Ah, May, a most welcome month most years in that it is sufficiently removed from winter’s cold and summer’s heat in roughly equal measure.
On the very last day of this month, voters in Ireland will deliver their verdict on the European fiscal compact treaty and in these opening days of May it would seem that voters are taking sides in roughly equal measure on whether to deliver a “yes” or a “no” vote on what political leaders are trumpeting as the most important EU treaty referendum since, well, the last one.
Simply put, the treaty, once approved and embraced by EU member nations, obliges those nations to keep budget deficits and public debts within strict limits. This would appear to be an easier task for some EU countries, Germany being the prime example, than it is for others, Greece being at the other end of this equation.
Ireland falls somewhere in between it would seem, though for all too many living in the midst of the Republic’s current economic constriction it likely feels like being in Greece much of the time anyway, only without the warm weather.
The referendum will be held on Thursday, May 31 so the debate still has almost a full month to run. It promises to be a lively national discussion, even if the subject is rather joyless.
Government leaders, led by Taoiseach Enda Kenny and Tanaiste Eamon Gilmore, have been issuing various warnings against a negative vote that fall somewhere between dire and grim.
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A no vote, according to Gilmore for example, could derail government plans to be out of the EU/ECB/IMF bailout program within two years.
Taoiseach Enda Kenny said last weekend that the treaty referendum amounts to “the most important vote that people will make for a very long time.”
Kenny said the referendum vote would be an even more vital exercise than general elections because the decision would last well into the future.
It is probably the case for most voters that the future, as it currently applies to daily life, does not stretch too far ahead of each day in that life.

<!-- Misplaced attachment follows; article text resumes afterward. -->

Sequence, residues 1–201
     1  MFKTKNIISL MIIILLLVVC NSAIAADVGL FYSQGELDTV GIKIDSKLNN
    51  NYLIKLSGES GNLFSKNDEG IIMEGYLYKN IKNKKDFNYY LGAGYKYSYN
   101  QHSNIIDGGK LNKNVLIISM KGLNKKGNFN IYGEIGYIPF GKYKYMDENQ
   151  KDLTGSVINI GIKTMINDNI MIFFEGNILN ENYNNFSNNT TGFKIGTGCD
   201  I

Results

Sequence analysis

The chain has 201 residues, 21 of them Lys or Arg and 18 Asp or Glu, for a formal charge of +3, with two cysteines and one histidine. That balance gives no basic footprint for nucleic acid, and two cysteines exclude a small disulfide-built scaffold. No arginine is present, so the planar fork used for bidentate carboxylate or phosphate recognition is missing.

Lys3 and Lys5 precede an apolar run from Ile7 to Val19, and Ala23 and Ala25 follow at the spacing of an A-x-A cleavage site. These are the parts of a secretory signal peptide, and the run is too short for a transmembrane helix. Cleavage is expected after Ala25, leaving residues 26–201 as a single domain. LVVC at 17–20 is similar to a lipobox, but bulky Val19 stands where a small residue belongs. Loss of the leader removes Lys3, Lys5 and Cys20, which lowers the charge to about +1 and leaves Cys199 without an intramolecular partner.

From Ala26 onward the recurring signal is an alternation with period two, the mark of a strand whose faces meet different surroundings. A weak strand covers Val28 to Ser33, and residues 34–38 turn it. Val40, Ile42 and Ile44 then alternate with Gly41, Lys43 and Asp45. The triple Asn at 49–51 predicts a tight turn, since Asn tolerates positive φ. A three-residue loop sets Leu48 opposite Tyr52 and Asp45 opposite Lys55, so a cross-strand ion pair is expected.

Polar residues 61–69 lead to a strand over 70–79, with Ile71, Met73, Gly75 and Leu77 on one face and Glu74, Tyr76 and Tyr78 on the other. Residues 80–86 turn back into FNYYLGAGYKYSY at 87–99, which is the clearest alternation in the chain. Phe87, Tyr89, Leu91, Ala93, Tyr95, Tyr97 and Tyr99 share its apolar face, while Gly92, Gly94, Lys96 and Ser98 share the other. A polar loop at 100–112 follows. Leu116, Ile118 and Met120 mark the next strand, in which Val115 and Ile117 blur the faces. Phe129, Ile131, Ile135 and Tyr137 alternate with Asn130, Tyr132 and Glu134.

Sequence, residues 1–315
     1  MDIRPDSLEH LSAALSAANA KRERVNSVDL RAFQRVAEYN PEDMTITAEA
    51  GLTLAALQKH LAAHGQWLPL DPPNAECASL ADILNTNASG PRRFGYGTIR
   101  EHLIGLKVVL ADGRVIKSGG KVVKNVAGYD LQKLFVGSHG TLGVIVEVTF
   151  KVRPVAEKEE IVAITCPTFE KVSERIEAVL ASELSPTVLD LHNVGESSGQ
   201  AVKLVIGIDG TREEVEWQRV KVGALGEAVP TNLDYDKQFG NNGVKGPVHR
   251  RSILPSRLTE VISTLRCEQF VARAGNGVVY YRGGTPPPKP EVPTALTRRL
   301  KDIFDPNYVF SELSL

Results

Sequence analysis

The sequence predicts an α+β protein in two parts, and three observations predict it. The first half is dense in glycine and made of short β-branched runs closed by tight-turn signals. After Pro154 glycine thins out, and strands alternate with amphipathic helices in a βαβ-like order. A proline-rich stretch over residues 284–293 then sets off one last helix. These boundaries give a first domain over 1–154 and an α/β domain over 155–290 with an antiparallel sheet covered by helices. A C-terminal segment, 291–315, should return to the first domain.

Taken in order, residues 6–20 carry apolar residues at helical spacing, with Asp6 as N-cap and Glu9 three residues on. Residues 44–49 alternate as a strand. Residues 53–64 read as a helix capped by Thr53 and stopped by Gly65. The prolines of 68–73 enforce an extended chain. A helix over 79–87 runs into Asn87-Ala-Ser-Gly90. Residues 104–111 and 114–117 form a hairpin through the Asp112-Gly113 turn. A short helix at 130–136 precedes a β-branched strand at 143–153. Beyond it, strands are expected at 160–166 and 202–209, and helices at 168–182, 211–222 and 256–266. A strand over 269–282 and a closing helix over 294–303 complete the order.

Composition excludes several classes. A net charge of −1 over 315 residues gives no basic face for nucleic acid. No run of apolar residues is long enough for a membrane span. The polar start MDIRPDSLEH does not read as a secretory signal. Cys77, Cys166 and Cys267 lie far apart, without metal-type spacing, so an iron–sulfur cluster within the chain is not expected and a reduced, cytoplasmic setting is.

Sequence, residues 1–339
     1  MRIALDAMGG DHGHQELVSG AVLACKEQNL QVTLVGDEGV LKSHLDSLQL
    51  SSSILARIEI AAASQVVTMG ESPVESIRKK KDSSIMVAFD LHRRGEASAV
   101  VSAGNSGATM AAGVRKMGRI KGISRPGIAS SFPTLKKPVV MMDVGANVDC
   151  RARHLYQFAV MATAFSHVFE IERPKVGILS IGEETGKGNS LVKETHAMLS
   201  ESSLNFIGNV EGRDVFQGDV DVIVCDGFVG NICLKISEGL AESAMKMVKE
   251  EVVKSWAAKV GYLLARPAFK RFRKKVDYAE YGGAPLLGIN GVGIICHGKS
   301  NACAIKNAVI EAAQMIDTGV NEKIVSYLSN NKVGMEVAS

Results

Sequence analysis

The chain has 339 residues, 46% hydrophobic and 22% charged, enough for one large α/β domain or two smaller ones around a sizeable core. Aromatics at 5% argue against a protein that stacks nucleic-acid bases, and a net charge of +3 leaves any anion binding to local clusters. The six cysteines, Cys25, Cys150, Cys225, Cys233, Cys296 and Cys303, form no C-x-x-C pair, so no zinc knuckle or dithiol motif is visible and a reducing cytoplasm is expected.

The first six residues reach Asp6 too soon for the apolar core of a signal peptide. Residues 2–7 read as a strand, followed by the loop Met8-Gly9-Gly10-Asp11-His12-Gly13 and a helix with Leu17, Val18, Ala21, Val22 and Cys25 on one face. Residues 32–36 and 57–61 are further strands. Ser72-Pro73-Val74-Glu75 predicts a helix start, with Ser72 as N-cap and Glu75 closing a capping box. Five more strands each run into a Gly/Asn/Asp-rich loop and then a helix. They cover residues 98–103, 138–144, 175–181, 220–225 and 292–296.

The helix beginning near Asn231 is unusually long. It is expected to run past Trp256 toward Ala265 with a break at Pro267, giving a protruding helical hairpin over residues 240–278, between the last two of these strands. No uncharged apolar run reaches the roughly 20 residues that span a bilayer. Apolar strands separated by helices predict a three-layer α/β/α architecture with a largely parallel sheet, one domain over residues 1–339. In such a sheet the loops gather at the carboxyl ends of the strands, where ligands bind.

It will be a tough sell indeed for the government parties to speak about a future when so many are struggling to stay afloat in the present. But sell the government must, and argue against the treaty must those who feel that a closer fiscal union in Europe is not the right course for a small, open economy on Europe’s edge.
That the Irish are not Germans is easy to see. That they might be persuaded to be a little more German, indeed a lot more, in their economic habits is at the core of the argument in favor of the yes vote.
As likely as not, most voters who actually cast a ballot on referendum day will deliver their verdict based on a fairly limited number of sides to the argument presented by a relatively limited number of people.
Most national politicians will urge a yes, while some will urge a no. Most voters will cast their vote based on whether they agree with this group of politicians, or that one. Some will try to wrestle with the issues while excluding the loud political rhetoric. Some might even read the treaty, fine print and all. Some will rely on gut instinct which might actually be just as rational a basis for deciding than following the siren song of political leaders.
But at the end of voting on May 31, Ireland will be set on a new course, no matter what the outcome of the actual vote. It is to be hoped, then, that there is a large turnout.